Inle Lake Inscribed as Unesco ‘Biosphere Reserve’

By Zarni Mann 11 June 2015

MANDALAY — Burma’s famed Inle Lake was designated this week as the country’s premier Biosphere Reserve by the United Nations, much to the satisfaction of local environmentalists working to conserve and promote sustainable development around the iconic reservoir.

The UN cultural agency, Unesco, added Inle Lake to a list of 651 biosphere reserves in 120 countries, stating that the designation is “one of the main international tools to develop and implement sustainable development approaches in a wide variety of contexts.”

Burma’s Ministry of Environmental Conservation and Forestry (MoECAF), with support from the Norwegian government and the UN Development Programme (UNDP), successfully nominated the site during an ongoing summit in Paris.

Biosphere reserves are “experimental sites” comprising terrestrial, marine and coastal ecosystems, according to Unesco. The agency’s website describes the sites as “special places for testing interdisciplinary approaches to understanding and managing changes and interactions between social and ecological systems.”

Win Myo Than, managing director of the environmental group EcoDev, told The Irrawaddy that recognizing the lake as a reserve is likely to encourage responsible investment in the area, which is fast becoming one of the country’s top tourist destinations.

“It is good news. Conservation of the environment around Inle Lake has now become a concern of the whole world,” Win Myo Thu said, adding a requisite warning that as developers enter the region, “we need to be cautious to have transparency, involvement of local CSOs, and a strict policy from the government” to maximize the benefits of the status.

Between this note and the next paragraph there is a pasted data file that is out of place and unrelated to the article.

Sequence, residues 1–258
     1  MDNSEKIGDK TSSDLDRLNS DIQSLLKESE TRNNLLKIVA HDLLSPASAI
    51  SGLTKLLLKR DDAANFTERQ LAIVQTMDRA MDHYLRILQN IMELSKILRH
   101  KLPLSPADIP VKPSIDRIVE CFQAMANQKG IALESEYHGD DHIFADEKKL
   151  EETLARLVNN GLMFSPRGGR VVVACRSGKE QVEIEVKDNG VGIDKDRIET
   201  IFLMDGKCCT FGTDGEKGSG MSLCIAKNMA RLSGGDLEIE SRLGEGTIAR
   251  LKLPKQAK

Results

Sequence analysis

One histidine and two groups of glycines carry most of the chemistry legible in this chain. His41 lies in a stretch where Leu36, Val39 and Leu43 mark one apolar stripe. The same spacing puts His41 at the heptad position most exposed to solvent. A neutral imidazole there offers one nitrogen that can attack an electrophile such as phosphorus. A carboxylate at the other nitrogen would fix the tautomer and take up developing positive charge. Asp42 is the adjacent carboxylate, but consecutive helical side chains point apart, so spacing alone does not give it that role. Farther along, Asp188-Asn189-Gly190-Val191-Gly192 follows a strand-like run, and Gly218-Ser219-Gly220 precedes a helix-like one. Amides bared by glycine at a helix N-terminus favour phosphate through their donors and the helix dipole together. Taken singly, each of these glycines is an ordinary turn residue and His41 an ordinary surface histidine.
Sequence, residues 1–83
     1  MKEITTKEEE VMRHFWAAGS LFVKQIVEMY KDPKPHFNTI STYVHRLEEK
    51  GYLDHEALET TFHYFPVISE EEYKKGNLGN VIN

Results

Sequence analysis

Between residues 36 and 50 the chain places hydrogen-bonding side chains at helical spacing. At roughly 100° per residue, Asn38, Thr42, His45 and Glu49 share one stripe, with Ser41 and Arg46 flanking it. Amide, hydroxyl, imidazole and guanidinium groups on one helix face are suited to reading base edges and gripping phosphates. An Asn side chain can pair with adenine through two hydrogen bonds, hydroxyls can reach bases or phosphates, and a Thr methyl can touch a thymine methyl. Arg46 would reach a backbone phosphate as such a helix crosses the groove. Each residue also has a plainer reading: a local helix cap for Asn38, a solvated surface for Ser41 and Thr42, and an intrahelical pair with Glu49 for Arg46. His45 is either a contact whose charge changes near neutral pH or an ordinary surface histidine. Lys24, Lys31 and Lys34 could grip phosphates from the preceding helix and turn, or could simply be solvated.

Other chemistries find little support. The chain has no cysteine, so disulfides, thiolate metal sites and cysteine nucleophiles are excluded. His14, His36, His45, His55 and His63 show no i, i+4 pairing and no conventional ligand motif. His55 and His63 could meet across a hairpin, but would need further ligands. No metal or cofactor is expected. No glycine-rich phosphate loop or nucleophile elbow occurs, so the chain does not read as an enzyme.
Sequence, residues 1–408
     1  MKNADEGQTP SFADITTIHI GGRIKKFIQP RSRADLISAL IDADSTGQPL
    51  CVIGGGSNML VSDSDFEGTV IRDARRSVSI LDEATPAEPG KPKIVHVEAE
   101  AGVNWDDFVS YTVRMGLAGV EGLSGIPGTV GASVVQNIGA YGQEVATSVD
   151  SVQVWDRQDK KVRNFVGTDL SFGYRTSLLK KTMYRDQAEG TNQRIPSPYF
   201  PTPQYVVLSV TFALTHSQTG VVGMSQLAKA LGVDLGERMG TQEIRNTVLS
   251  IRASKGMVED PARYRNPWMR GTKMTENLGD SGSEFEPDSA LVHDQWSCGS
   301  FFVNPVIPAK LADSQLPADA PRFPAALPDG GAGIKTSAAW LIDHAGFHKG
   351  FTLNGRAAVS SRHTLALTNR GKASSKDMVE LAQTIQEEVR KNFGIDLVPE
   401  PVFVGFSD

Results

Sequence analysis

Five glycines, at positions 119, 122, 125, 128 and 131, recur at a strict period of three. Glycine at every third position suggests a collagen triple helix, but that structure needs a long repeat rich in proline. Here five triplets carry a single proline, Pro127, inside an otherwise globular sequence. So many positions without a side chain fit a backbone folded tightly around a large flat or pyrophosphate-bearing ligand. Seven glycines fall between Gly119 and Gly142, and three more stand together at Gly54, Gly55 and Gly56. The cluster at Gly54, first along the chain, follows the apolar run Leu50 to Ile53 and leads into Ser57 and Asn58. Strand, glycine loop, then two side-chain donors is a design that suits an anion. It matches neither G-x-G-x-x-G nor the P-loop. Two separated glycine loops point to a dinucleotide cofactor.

Other conservationists echoed his concerns, citing recent environmental degradation related to development. Hnin Hnin Ohn, a project manager for the local NGO Shwe Inn Thu, said the listing risked causing a rush of investment that, if not properly overseen, could have unintended consequences.

“We’re glad that our region was recognized as one of the natural world heritage site as it will bring development of the region in many sector,” Hnin Hnin Ohn said, “however we need to take lessons from the region’s past, when the environment was negatively impacted by developments.”

Located in Taunggyi District of eastern Burma’s Shan State, Inle Lake is known for its picturesque mountain views and cultural diversity. The area is home to a range of ethnic minority peoples, many practicing traditional methods of livelihood such as floating farms and the site’s signature leg-rowing fishing and transport methods.

But a combination of rapid development, a rise in tourism and unchecked deforestation has already begun to altar the landscape, according to local environmentalists. The felling of nearby forests for firewood, in particular, led to a steep increase of nutrient-rich soil drifting downhill and into the wetlands, clogging up waterways and causing severe draughts earlier this year.

A new 250-hectare hotel has also reportedly contributed to deforestation, while population growth and unsustainable agricultural methods—such as the use of chemical fertilizers and pesticides on farms and floating gardens—have polluted local water sources.

Locals said they hope the UN designation will bring about clear policies to prevent damage and ensure sustainable development across the district, which is the seat of the Shan State capital and spans some 498,721 hectares of land.

According to Unesco, the ecosystem of the freshwater lake is home to 267 bird species and 43 species of freshwater fish, otters and turtles. It has also been reported that Inle could be a nesting place for the globally endangered Sarus crane.